The Master Curve Methodology (ASTM E1921) experimentally assesses a materials temperature-dependent fracture toughness, predominantly for quasi-static testing conditions. The treatment of elevated loading rates is described by the annex A1 of ASTM E1921 and A14 of ASTM E1820. This paper presents results of the evaluation of a very large and standard-conforming database in order to verify the procedures recommended by the standard.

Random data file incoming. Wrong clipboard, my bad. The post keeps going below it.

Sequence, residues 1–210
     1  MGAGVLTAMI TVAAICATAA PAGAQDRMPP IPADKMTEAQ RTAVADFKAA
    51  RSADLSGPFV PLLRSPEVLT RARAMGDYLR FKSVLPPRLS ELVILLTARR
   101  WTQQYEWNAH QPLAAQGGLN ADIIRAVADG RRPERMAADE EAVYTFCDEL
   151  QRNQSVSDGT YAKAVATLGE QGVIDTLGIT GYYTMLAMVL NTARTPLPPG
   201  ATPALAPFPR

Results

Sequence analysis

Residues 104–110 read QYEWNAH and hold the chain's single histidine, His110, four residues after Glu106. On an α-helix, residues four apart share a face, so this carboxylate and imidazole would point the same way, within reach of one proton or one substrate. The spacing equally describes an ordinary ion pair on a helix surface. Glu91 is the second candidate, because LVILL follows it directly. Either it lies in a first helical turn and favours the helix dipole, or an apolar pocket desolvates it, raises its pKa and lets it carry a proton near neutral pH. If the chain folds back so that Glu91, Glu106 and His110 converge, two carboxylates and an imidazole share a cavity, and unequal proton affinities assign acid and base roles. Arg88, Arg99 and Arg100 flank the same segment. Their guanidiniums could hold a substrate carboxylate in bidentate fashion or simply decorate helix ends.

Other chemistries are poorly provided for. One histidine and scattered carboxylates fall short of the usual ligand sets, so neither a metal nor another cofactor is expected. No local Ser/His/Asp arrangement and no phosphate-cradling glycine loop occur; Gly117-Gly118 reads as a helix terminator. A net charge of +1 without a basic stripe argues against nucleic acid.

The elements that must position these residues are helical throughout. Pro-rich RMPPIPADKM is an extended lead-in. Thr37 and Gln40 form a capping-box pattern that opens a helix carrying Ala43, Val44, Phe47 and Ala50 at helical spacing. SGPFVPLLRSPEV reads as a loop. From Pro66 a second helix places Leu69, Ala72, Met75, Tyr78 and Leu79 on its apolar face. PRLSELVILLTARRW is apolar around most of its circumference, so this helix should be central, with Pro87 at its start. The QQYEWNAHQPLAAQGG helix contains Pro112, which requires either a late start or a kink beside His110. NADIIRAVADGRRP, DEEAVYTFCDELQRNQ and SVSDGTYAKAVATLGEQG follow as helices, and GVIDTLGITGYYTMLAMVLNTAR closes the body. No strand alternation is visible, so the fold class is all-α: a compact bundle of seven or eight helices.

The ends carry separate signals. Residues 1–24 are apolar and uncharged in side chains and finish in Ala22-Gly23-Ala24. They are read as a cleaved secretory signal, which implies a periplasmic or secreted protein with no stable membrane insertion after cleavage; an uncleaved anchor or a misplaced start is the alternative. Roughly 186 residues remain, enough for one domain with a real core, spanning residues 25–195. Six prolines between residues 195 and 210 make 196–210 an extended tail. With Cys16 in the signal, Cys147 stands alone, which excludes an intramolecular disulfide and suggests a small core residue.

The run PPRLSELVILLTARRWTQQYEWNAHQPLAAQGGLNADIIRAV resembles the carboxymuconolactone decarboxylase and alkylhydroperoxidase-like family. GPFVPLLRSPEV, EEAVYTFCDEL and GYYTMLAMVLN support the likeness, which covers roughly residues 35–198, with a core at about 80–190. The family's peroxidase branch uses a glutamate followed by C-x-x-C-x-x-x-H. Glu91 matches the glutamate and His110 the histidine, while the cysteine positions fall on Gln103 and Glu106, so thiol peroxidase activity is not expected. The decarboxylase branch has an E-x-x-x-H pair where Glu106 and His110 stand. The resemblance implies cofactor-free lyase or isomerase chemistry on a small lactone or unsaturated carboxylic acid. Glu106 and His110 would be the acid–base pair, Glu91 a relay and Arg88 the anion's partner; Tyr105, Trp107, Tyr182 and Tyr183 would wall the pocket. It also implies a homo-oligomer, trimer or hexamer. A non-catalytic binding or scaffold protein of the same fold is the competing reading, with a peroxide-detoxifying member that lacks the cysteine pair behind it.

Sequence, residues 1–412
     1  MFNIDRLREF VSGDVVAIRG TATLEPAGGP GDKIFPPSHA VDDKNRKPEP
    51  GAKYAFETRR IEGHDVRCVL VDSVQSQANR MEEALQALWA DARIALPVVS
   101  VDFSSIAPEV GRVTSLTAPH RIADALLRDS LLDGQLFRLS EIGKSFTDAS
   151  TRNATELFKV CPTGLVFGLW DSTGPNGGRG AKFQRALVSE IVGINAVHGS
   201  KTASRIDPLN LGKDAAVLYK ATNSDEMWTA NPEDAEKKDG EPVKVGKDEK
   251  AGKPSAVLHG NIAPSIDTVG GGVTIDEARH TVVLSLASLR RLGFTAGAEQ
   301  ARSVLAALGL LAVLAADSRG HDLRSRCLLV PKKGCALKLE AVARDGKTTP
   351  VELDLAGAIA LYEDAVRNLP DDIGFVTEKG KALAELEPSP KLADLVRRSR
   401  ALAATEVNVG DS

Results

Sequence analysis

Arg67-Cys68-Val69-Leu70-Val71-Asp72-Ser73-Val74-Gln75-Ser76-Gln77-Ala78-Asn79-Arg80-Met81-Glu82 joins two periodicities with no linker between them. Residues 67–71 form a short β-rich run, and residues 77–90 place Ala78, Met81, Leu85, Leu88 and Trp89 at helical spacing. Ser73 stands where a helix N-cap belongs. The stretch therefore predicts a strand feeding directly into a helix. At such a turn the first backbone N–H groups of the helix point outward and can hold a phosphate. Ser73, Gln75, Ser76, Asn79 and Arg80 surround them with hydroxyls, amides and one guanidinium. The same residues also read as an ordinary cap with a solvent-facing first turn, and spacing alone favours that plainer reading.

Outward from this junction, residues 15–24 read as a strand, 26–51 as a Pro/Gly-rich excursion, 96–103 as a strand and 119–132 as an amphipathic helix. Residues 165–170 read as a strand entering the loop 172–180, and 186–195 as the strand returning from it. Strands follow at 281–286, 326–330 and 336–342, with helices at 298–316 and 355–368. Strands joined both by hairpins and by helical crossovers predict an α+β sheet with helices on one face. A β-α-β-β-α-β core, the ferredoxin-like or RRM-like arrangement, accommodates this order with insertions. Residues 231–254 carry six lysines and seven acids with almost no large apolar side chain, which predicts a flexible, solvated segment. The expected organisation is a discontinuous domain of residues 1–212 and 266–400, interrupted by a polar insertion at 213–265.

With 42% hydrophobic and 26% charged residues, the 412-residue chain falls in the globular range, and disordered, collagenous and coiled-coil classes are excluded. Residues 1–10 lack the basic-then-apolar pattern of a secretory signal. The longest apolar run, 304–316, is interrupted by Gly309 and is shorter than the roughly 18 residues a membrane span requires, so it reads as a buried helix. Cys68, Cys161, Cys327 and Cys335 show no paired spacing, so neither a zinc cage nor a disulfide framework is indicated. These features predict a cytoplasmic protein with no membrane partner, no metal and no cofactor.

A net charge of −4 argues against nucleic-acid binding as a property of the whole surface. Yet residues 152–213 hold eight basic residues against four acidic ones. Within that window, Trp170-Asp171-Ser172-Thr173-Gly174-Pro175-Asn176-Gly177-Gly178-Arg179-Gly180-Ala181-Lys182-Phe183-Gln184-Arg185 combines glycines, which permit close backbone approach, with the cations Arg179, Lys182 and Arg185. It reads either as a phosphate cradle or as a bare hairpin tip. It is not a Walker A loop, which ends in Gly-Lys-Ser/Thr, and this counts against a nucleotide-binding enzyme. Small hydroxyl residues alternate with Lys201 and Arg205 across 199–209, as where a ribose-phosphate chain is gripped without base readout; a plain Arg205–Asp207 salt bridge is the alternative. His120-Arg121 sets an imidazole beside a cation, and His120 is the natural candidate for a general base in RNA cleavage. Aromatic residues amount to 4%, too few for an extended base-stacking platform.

Testing involved C(T)- and SEN(B)-specimens of the RPV-steel 22NiMoCr3-7 (A508 Grade 2) for loading rates of 100 MPa√m/s ≤ dK/dt ≤ 104 MPa√m/s for the entire ductile to brittle transition region. It was found that the shape and underlying distribution of the Master Curve show stronger shortcomings with increased loading rate. The optimal shape factor p increases with dK/dt, yet the methodology can still show strong shortcomings regarding the underlying distribution. It is argued that the cause for the observations are linked to adiabatic heating and local crack arrest that severely influence macroscopic fracture behavior. It is recommended that fracture mechanics testing at elevated loading rates is performed close to or below T0 in order to minimize the influence of dynamic loading conditions on the assessment.